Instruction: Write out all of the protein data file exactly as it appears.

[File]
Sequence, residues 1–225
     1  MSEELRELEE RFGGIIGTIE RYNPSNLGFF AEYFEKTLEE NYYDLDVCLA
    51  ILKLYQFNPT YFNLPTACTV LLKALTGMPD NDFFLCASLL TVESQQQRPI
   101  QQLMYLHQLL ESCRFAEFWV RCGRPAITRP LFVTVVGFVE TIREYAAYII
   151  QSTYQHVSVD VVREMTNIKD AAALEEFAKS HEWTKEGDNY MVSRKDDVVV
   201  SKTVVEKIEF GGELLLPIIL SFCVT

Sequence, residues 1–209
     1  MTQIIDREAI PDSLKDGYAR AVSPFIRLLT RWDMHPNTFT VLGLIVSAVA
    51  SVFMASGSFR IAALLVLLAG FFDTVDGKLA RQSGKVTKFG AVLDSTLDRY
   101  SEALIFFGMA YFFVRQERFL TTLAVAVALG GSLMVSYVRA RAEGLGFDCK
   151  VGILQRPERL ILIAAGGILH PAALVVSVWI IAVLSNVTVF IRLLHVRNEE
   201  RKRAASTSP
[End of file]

Sequence, residues 1–225
     1  MSEELRELEE RFGGIIGTIE RYNPSNLGFF AEYFEKTLEE NYYDLDVCLA
    51  ILKLYQFNPT YFNLPTACTV LLKALTGMPD NDFFLCASLL TVESQQQRPI
   101  QQLMYLHQLL ESCRFAEFWV RCGRPAITRP LFVTVVGFVE TIREYAAYII
   151  QSTYQHVSVD VVREMTNIKD AAALEEFAKS HEWTKEGDNY MVSRKDDVVV
   201  SKTVVEKIEF GGELLLPIIL SFCVT

Sequence, residues 1–209
     1  MTQIIDREAI PDSLKDGYAR AVSPFIRLLT RWDMHPNTFT VLGLIVSAVA
    51  SVFMASGSFR IAALLVLLAG FFDTVDGKLA RQSGKVTKFG AVLDSTLDRY
   101  SEALIFFGMA YFFVRQERFL TTLAVAVALG GSLMVSYVRA RAEGLGFDCK
   151  VGILQRPERL ILIAAGGILH PAALVVSVWI IAVLSNVTVF IRLLHVRNEE
   201  RKRAASTSP